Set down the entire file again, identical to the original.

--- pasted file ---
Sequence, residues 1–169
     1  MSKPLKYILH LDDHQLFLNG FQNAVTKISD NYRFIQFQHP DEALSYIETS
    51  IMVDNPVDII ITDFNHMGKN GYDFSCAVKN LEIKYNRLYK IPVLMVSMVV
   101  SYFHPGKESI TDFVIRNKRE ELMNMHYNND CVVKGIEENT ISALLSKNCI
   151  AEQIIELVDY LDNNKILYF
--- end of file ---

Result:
Sequence, residues 1–169
     1  MSKPLKYILH LDDHQLFLNG FQNAVTKISD NYRFIQFQHP DEALSYIETS
    51  IMVDNPVDII ITDFNHMGKN GYDFSCAVKN LEIKYNRLYK IPVLMVSMVV
   101  SYFHPGKESI TDFVIRNKRE ELMNMHYNND CVVKGIEENT ISALLSKNCI
   151  AEQIIELVDY LDNNKILYF